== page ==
My oven glowed romantically in the 900 degree plus temperature.
It seemed like a good idea at the time – which is usually the case when I don’t adequately think through a spur of the moment notion.
On a particularly steamy Saturday afternoon, I opted to stay inside and clean my oven. Now granted, that involves nothing more than punching the proper button and listening for the door to lock. Within minutes I know the incinerator will begin to work its magic.
I had recently roasted a pork tenderloin on my cookie sheet and it was coated with a glob of gunk in the shape of the Incredible Hulk.
Why not, I thought to myself. I’ll pop it in the oven and clean it up for free while the appliance is cleaning itself. I pressed “clean” and sauntered up front to become a couch potato. (I LOVE cleaning my oven.)
Within five or ten minutes, I began to smell the most delightful aroma emanating from the kitchen. Wonder what’s cooking, I asked myself before remembering the greasy pan.
Unconcerned, but curious, I returned to the kitchen to find that a brand new fire place had been installed in the spot where my oven had been. A roaring fire had spontaneously combusted in my oven. I grabbed my new fire extinguisher, but alas, the oven door was locked and it wasn’t going to budge. I was panicked, and began pressing every button on the dial until I found the one that interrupted the cleaning process.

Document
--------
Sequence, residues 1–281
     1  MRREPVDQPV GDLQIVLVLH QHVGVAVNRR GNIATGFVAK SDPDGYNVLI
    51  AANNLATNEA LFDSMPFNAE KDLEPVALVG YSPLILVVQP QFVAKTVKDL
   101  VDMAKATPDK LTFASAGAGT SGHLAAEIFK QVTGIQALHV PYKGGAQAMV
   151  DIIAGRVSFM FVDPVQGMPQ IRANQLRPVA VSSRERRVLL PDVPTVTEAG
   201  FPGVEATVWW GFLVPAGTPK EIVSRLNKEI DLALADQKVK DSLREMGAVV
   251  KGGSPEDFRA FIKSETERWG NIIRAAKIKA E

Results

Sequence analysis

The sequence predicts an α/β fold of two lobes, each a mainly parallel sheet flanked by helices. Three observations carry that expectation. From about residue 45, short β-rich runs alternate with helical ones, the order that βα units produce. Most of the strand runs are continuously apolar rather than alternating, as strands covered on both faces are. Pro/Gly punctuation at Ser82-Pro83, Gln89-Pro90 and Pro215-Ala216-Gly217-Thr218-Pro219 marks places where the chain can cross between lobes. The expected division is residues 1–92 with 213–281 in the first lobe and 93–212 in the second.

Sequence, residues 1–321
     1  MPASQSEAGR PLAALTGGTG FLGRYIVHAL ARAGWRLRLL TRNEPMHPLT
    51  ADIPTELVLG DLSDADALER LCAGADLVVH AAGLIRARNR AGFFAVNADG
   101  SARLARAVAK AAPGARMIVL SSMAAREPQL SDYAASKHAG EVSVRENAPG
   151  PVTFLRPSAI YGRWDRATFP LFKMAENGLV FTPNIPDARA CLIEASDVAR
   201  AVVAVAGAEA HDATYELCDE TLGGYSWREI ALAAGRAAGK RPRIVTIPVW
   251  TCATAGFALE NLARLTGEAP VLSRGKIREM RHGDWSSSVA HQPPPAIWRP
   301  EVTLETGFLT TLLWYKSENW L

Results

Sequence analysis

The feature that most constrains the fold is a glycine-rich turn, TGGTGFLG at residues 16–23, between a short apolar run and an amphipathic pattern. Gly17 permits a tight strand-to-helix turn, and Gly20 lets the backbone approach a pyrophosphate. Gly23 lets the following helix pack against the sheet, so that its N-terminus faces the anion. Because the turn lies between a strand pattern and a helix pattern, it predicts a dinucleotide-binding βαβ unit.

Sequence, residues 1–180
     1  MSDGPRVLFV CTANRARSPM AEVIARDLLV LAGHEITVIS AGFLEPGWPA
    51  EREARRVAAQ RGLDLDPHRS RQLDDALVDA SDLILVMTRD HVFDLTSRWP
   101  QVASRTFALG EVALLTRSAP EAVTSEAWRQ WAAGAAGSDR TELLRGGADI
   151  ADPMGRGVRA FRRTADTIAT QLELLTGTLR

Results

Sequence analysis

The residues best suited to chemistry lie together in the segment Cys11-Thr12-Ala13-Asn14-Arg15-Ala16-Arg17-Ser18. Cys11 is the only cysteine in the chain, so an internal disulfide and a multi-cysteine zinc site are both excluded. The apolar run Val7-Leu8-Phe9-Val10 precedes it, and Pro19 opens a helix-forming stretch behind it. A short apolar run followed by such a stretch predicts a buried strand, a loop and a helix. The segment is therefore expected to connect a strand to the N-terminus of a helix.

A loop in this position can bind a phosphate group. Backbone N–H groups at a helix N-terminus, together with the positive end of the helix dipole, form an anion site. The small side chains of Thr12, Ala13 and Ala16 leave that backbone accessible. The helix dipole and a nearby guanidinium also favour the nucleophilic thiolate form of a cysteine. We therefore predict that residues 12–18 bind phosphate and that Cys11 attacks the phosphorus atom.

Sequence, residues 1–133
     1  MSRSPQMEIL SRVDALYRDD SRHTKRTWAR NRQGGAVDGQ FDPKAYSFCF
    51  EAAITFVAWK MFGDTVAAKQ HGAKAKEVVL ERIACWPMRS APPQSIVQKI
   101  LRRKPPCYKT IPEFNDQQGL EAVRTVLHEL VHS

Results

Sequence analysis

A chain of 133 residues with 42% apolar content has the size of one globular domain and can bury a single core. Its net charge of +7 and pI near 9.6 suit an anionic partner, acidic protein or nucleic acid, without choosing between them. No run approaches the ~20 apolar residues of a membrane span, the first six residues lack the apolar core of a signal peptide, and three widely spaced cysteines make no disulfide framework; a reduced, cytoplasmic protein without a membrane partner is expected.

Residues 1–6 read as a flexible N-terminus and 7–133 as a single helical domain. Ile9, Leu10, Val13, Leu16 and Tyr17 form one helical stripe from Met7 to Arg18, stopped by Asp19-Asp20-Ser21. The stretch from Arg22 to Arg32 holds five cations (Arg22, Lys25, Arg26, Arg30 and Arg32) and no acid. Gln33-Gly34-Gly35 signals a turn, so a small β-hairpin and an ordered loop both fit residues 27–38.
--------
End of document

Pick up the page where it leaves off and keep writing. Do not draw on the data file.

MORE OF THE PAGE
Slowly the flame began to subside ever so slightly. Fascinated, I watched until it faded to an ember-like glow and the lock on the door finally released.
Tragedy averted once again. I removed the cookie sheet and dropped it in the trash can. It was black and covered with soot. I wonder why I thought it would be silver and shiny again. I never did restart the cleaning process. But the whole episode had given me a brilliant idea. I’ll hire someone to build an oven that can do double duty as a fireplace. It would look similar to my glassed in gas log fireplace when in the fire mode and coils would still handle the cooking chores.
If anyone wants to invest, give me a call. I think we can make a fortune. We’ll call it the “Hotshot.” In the meantime I’m off to purchase new batteries for my smoke detectors. Not a one was activated by the fire. I expect the batteries haven’t been replaced since I renovated the home in 1998.